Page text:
I’ve learned a lot of things from a lot of people in my life. The following lesson/acquired knowledge came, more than likely unbeknown to him (it was a very casual conversation, so there is no reason he would have thought of it as anything other than a casual conversation), from Mike Champion,
The reason why I am a *HUGE* fan of shared source, non-commercial licensed software is,
- In many cases, the source comes from established software applications with proven commercial success.
- In cases such as this exists a *FANTASTIC* opportunity to learn and understand how something with significant commercial success was created.
- With this knowledge we are better enabled to build better product as a result.
To understand the hacker means to understand that the hacker learns through a hands on approach. I know very few hackers that learned how to hack and hack well inside the confines of a university.
On the other hand, I know *TONS* of hackers who, while they may never again utilize the source of a project they were once a part of, or have in many cases simply learned through reading the source of a project they were never a part of, they are enabled to write better software because of the knowledge they gained as a result.
OSS projects will come and go, but knowledge is King, and will stay with you as long as you continue to maintain and refresh this knowledge.
Another way to get rich - create great open source product, make your code unreadable, provide no documentation and then sell support :)
As I pointed out in a follow-up to the same linked post,
I almost titled the post “On SourceForge and Open Source Obfuscation”, (and probably should have now that I think of it), but chose not to for some odd reason.
Very few things come for free in life. In regards to OSS, while the price of the software might be free, generally speaking the documentation is either non-existent or completely missing, so the price you pay comes in the time you spend learning how to interact with the code base. And if that code base doesn’t follow standard design patterns, learning how to interact with the code base can prove to cost a much heftier price than originally anticipated.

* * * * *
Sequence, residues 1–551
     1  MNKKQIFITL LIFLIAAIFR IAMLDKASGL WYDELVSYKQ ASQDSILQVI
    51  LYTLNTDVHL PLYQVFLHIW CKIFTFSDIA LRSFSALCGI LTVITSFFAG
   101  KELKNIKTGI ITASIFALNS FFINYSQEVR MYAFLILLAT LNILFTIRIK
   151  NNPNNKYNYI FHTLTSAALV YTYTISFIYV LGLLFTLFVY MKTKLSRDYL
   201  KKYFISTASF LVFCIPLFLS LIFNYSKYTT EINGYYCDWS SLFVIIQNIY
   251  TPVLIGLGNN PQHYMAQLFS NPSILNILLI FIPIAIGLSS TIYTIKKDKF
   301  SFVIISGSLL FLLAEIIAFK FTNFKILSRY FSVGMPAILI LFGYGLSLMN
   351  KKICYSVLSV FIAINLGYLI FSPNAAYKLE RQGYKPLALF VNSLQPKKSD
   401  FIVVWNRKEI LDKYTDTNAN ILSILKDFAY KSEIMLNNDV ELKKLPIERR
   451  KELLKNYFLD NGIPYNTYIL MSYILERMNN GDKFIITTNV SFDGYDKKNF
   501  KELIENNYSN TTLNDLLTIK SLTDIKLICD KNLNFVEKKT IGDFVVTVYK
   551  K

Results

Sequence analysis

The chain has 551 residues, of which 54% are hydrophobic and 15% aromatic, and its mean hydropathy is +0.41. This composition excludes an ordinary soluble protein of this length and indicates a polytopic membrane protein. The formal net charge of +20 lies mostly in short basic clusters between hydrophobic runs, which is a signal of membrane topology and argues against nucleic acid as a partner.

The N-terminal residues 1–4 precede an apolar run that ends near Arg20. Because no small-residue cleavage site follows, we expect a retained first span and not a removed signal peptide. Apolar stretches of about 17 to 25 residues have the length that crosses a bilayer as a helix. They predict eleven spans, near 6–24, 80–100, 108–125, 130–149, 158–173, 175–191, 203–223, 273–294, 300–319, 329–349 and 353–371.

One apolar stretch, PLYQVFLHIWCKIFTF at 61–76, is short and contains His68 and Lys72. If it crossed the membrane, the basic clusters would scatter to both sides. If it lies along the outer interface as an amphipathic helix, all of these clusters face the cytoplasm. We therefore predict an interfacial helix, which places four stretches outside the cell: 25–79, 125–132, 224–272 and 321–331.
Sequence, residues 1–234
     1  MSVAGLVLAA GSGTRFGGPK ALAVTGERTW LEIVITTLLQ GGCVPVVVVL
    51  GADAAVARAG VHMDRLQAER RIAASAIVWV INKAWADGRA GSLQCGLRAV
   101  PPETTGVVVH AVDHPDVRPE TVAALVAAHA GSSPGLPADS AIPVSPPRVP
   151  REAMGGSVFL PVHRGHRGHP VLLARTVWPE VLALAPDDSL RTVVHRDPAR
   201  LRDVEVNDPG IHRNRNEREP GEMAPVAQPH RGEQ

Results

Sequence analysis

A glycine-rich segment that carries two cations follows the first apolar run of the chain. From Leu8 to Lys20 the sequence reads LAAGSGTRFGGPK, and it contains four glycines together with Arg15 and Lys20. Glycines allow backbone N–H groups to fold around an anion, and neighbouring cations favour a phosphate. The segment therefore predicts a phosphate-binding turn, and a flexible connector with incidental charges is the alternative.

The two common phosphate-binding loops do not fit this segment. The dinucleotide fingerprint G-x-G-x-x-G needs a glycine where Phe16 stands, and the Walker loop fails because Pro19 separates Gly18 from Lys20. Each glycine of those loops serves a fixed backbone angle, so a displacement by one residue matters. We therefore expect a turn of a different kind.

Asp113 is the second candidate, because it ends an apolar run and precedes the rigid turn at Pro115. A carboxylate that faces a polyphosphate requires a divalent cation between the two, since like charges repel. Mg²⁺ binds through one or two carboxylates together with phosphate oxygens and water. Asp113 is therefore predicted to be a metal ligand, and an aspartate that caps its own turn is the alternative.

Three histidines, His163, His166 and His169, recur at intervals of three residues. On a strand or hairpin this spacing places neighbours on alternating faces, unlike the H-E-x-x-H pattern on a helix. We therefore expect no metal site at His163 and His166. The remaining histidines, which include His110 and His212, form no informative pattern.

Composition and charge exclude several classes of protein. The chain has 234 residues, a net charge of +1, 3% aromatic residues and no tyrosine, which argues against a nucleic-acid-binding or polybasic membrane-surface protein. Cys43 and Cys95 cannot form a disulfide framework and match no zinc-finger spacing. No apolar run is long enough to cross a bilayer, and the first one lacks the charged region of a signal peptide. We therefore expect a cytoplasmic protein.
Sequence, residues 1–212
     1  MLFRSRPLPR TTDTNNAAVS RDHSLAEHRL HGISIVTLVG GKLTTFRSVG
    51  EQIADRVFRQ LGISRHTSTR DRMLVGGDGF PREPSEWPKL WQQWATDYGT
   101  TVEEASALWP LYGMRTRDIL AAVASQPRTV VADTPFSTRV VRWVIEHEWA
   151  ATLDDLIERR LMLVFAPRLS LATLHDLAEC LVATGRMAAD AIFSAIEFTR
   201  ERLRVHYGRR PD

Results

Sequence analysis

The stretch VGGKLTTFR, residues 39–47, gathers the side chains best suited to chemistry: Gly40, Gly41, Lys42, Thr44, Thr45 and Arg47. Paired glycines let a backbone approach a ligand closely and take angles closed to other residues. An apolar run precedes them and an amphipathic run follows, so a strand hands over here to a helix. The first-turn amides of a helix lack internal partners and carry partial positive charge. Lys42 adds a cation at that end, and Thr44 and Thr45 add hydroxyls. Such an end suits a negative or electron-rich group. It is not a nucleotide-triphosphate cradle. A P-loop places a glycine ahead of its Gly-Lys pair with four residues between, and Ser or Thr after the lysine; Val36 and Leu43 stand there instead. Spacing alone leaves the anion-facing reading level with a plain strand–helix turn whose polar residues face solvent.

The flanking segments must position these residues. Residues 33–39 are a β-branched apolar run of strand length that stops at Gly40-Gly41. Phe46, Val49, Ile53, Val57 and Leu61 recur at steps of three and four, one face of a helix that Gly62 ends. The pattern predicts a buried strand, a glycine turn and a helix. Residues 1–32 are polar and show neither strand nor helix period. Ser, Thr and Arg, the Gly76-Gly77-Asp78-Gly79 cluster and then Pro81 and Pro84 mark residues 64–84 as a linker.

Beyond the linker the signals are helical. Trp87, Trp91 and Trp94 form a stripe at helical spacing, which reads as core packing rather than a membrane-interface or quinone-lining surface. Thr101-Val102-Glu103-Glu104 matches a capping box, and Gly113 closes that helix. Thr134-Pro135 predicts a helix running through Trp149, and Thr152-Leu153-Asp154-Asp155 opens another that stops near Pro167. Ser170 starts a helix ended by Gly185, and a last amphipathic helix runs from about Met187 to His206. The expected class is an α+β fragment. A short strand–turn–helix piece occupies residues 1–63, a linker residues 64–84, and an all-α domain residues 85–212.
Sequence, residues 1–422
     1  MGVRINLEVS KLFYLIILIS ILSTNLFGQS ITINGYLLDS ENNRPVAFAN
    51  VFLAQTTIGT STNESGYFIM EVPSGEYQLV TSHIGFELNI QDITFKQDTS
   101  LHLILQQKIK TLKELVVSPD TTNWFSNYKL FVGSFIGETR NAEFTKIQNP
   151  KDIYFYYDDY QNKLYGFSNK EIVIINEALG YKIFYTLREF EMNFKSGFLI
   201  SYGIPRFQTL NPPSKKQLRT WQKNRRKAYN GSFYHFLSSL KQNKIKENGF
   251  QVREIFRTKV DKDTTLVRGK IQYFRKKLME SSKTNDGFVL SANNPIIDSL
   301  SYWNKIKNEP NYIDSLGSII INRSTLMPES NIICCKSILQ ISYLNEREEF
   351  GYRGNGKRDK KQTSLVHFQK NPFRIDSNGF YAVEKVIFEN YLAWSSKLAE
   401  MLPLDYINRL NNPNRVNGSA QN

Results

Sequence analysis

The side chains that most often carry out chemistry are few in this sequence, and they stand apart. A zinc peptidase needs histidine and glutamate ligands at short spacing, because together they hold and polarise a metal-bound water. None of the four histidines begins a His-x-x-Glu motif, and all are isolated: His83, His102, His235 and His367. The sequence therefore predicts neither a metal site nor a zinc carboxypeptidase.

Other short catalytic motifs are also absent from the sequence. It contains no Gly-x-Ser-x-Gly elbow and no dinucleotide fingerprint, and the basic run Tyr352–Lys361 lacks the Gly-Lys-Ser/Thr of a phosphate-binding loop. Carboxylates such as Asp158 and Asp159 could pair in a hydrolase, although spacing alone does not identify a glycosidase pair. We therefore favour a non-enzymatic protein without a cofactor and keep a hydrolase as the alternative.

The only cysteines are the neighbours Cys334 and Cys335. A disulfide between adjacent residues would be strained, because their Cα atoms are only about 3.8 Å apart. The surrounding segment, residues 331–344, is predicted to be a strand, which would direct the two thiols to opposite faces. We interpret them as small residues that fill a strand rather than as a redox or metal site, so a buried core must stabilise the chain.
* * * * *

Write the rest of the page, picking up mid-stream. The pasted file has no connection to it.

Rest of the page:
Of course there’s always exceptions to the rules, and the exception in this case comes, oddly enough given their previous stance regarding OSS, from Microsoft,
I’m starting my design notes blogging today with my first entry on the dynamic type system that is one of the three key components in the DLR - and the one that I think is most important. The corner-stone of the DLR is support for a shared dynamic type system. This lets these dynamic languages easily and naturally talk to each other and share code. Equally important is that we want these dynamic languages to be able to work with the existing powerful static languages on the platform such as VB.NET and C#. We want to ensure that the huge wealth of both existing and to-be-written libraries designed for .NET all just work from dynamic languages. There’s a standard pattern for achieving this kind of interoperability through wrappers and marshaling layers. Here’s the pattern as I implemented it for Jython - Python running on the JVM.
The above is the first of what is suggested to be several months worth of blog entries from Jim Hugunin regarding the design of the MSFT’s OSS Dynamic Language Runtime. In an eWeek article in August of last year, Jim was quoted with the following statement,
Microsoft is working on a phased approach to enhancing its support for dynamic languages on the company’s .Net platform.
Jim Hugunin, creator of the IronPython language and a development leader on Microsoft’s CLR (Common Language Runtime) team, told eWEEK that Microsoft is working to help usher in support for dynamic languages on top of the CLR in a variety of levels or phases.
Jim goes on to describe a three-phased approach which includes the development of extended support for dynamic languages as part of the .NET platform, an instantiation of the best patterns and practices into a code base in which can then be extended from, as well as offering the “lessons learned” during the development of all of the above, in a format that I would assume be provided through channels such as Microsoft Consulting Services (though this is only a guess.)
As made obvious from the above, it seems Jim has every intention of seeing each and every one of these phases to the very end.